The family of terrorist Usman Khan, the man who killed two and injured three more during Friday’s attack, have said they are “shocked” and “totally condemn” his evil actions.
Speaking on Tuesday afternoon, relatives of the convicted terrorist shot dead by police after his attack at Fishmonger’s Hall on London Bridge, said their thoughts were with the families of those killed.
In a brief statement released, the family said: “We are saddened and shocked by what Usman has done.
“We totally condemn his actions and we wish to express our condolences to the families of the victims that have died and wish a speedy recovery to all of the injured.
“We would like to request privacy for our family at this difficult time.”
Evil killer Usman Khan was known to the authorities.
Born-and-raised in Stoke-on-Trent, West Midlands, the 28-year-old had previously been convicted and jailed for his role in a group who plotted to bomb the Stock Exchange.
The nine-strong group from Stoke, London and Cardiff, inspired by al-Qaeda, had engaged in plans to place a pipe bomb in the Stock Exchange, potential attacks on Stoke pubs, and establishing a jihadi-training camp in Pakistan.
The conspiracy took place over six weeks in 2010, before the authorities swooped on all nine men in December, including Khan.
All of the men pleaded guilty to a variety of terrorism offences on the eve of their trial in February 2012.
The trial judge in the case thought Khan was so dangerous that he handed him an indeterminate sentence.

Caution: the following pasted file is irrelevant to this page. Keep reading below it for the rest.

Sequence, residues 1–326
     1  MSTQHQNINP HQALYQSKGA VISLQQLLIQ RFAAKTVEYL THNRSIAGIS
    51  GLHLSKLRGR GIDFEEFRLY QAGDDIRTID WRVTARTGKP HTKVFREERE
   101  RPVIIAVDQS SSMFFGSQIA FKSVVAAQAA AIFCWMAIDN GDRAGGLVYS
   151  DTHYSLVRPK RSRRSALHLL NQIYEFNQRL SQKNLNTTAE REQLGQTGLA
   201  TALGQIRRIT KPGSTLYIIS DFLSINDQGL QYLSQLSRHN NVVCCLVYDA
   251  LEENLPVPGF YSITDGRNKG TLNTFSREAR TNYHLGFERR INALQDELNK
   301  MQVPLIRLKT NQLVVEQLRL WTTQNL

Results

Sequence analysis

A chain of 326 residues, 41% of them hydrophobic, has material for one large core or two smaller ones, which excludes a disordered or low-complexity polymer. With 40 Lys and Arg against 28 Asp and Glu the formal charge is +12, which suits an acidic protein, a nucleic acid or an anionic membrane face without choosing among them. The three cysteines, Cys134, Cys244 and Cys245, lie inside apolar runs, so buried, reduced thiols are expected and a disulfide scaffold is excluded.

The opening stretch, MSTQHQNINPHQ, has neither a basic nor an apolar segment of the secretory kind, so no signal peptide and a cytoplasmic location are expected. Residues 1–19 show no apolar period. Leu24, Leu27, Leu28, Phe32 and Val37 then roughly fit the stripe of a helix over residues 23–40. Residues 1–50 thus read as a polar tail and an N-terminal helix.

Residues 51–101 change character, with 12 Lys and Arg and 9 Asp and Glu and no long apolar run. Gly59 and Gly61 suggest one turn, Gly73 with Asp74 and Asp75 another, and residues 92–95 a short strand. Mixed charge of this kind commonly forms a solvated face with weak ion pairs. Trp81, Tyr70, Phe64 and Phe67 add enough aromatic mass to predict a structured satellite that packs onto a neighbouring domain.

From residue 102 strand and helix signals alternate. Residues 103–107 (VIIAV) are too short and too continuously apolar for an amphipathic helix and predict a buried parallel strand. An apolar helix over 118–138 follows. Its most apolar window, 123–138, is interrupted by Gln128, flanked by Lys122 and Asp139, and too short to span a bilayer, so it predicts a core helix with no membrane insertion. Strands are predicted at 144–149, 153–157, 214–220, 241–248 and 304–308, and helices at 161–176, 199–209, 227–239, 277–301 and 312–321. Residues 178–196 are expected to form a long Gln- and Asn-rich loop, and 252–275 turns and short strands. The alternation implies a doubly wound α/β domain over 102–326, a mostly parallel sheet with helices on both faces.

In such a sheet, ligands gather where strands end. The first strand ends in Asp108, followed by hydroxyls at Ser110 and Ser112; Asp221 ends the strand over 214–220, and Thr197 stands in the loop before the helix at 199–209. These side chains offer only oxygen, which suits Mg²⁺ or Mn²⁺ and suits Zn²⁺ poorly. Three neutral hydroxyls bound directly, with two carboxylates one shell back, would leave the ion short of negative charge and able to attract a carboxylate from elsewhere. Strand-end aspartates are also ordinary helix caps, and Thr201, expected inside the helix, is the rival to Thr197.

Mr Justice Wilkie referred to Khan’s “serious, long term, venture in terrorism,” as part of the plot, and labelled Khan and two others in the Stoke cell as “working to a more ambitious and more serious jihadist agenda.”
The sentence would have meant that Khan could have stayed behind bars for as long as it would be felt necessary for the public safety, beyond his minimum term.
But in 2013, that judgement was overturned at the Court of Appeal. Instead Khan, then 22, was given a 16-year fixed sentence and ordered to serve at least eight years of it.
The presiding judge in that case had found that the original sentence had “wrongly characterised” him and the two other defendants as more dangerous than the other defendants, who were eligible for automatic release.
He was then released automatically on licence at that point, meaning he was released in December 2018.
The Parole Board had no involvement in his release.
Khan appears “to have been released automatically on licence (as required by law), without ever being referred to the Board,” it said in a statement following the attack.
Taking questions from reporters in the aftermath of the attack last week, the Met’s AC Neil Basu said that Khan had been subject to a number of licensing conditions, and had prior to the attack had been complying with them.